Psalms 58:1

Do you indeed speak righteousness, O congregation? do you judge uprightly, O you sons of men?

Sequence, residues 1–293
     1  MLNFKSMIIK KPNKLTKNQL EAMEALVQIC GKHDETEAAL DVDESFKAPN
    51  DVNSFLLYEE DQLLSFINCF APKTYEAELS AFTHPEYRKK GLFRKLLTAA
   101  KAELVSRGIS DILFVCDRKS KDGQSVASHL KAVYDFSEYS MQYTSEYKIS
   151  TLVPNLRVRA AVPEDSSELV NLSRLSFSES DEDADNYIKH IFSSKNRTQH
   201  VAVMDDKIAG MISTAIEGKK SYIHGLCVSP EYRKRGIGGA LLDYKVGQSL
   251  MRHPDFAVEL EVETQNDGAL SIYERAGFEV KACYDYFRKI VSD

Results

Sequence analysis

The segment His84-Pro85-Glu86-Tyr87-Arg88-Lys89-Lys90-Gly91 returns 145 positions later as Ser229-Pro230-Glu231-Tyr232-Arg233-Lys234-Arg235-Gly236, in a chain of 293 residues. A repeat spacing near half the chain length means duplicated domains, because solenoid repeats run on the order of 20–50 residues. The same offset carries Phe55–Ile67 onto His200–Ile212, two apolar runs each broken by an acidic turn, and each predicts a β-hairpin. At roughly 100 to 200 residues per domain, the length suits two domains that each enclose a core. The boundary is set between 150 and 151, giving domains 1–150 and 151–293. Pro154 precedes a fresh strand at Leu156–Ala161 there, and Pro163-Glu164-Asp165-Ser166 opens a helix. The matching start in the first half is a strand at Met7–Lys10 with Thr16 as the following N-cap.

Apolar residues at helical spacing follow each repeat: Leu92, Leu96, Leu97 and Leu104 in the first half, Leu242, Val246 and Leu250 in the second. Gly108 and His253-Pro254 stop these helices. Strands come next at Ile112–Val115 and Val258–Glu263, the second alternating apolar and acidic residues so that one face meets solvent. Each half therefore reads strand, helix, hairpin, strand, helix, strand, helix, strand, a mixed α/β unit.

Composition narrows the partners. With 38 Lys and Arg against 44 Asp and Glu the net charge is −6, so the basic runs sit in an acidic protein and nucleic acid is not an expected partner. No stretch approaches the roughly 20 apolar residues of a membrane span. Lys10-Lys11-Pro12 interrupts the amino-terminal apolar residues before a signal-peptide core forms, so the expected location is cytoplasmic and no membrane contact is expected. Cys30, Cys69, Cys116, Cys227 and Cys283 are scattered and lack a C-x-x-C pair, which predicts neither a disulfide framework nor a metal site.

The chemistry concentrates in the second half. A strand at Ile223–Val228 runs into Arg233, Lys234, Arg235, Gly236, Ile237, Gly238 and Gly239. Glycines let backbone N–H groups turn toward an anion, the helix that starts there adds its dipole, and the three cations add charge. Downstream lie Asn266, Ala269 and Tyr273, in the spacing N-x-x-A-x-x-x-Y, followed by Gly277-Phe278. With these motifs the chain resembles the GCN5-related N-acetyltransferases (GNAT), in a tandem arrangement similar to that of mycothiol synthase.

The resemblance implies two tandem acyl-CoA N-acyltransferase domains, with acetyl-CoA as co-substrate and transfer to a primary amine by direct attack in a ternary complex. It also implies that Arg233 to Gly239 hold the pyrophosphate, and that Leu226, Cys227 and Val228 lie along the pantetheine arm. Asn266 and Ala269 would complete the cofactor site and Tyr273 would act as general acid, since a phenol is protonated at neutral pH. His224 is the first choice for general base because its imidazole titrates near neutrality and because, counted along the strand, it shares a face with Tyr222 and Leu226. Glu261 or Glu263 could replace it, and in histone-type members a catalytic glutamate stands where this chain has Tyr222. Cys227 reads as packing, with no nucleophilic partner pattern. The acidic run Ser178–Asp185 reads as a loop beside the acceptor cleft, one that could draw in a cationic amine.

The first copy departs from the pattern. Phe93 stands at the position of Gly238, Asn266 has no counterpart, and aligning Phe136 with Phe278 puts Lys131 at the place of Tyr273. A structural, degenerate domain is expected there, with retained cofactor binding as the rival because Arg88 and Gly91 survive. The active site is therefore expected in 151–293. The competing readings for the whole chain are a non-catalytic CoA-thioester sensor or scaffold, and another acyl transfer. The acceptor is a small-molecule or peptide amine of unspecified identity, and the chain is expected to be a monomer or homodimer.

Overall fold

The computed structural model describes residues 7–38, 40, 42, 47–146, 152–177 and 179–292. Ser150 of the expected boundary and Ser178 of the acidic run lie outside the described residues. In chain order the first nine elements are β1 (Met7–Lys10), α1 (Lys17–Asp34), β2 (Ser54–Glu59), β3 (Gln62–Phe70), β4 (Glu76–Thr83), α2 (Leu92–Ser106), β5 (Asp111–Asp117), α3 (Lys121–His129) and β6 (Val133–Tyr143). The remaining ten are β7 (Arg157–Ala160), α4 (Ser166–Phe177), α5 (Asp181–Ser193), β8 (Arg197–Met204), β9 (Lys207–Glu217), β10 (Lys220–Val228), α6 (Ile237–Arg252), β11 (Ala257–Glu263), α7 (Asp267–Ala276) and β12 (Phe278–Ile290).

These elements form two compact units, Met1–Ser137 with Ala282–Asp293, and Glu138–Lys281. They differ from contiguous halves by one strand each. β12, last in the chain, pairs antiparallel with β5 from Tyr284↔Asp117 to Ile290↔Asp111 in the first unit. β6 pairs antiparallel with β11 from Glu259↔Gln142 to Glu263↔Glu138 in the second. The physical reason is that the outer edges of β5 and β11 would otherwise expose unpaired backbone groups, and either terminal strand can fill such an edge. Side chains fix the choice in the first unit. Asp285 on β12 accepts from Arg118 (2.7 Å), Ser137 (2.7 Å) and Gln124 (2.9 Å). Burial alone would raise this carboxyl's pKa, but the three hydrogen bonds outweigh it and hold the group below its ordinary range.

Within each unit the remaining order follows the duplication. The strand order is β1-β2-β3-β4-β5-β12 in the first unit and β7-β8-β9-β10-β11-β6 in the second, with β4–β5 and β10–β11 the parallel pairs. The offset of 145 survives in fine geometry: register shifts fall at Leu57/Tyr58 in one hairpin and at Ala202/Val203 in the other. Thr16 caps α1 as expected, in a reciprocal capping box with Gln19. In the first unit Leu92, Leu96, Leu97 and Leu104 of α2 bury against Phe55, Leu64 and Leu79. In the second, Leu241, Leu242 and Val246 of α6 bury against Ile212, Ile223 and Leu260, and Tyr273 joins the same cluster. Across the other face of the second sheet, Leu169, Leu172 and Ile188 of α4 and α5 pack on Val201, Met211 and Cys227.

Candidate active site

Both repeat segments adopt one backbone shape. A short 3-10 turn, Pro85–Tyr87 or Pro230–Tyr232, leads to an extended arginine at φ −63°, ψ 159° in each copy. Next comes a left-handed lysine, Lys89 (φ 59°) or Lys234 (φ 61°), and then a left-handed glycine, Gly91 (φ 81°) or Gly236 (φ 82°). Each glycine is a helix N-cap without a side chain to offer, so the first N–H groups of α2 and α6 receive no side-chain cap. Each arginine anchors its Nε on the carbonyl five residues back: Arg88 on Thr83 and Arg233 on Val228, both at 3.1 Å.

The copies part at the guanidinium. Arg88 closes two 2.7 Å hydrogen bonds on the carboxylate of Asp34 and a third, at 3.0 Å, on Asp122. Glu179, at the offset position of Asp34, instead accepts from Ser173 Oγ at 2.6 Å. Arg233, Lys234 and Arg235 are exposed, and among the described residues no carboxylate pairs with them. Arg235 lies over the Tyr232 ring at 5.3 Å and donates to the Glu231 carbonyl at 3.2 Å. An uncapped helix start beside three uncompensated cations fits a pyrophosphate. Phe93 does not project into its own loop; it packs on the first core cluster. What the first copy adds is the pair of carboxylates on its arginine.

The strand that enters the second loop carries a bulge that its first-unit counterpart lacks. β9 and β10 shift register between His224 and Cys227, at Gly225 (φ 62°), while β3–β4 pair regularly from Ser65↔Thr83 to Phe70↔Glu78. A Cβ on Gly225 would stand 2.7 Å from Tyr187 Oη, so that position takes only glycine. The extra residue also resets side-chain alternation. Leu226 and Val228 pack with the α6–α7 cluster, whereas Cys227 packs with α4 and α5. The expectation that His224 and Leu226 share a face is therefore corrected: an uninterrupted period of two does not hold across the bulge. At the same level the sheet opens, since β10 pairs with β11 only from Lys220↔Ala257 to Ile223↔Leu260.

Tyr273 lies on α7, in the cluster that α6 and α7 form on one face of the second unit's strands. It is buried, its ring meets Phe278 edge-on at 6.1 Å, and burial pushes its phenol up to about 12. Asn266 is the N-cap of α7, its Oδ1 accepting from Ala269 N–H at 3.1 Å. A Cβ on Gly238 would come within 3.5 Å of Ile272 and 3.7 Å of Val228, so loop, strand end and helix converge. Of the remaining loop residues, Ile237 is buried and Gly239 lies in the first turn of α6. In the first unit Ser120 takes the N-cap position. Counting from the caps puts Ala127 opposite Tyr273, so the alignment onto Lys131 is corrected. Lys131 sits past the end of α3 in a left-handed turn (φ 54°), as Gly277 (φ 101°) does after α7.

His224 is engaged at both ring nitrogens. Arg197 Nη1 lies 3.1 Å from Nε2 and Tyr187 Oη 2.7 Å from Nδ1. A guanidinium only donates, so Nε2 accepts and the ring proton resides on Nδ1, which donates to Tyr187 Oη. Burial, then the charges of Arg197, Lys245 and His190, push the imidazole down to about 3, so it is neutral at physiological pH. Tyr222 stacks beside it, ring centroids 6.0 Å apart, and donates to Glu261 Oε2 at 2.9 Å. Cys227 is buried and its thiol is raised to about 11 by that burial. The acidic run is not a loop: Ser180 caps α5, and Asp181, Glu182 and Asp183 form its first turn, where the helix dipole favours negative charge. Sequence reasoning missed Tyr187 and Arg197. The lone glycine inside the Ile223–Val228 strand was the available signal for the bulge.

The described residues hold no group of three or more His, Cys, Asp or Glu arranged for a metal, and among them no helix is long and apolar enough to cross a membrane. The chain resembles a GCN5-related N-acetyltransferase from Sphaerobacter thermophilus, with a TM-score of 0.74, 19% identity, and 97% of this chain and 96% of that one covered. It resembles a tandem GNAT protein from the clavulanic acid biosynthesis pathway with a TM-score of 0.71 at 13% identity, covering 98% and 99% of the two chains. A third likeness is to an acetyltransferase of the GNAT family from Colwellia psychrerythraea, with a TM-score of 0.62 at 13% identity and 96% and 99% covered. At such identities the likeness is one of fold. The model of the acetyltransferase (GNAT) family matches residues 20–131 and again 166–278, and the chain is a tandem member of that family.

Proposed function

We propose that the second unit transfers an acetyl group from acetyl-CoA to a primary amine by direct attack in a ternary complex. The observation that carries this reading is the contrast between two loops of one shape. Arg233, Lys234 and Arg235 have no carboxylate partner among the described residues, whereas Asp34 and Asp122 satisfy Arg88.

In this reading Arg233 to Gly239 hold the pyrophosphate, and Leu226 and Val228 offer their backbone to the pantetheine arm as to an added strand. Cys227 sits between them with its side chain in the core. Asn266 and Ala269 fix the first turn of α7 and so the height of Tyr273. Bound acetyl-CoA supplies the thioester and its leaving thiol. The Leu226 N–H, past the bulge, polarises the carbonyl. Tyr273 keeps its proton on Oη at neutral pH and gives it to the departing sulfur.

All Commentaries on Psalms 58:1 Go To Psalms 58

Augustine of Hippo

AD 430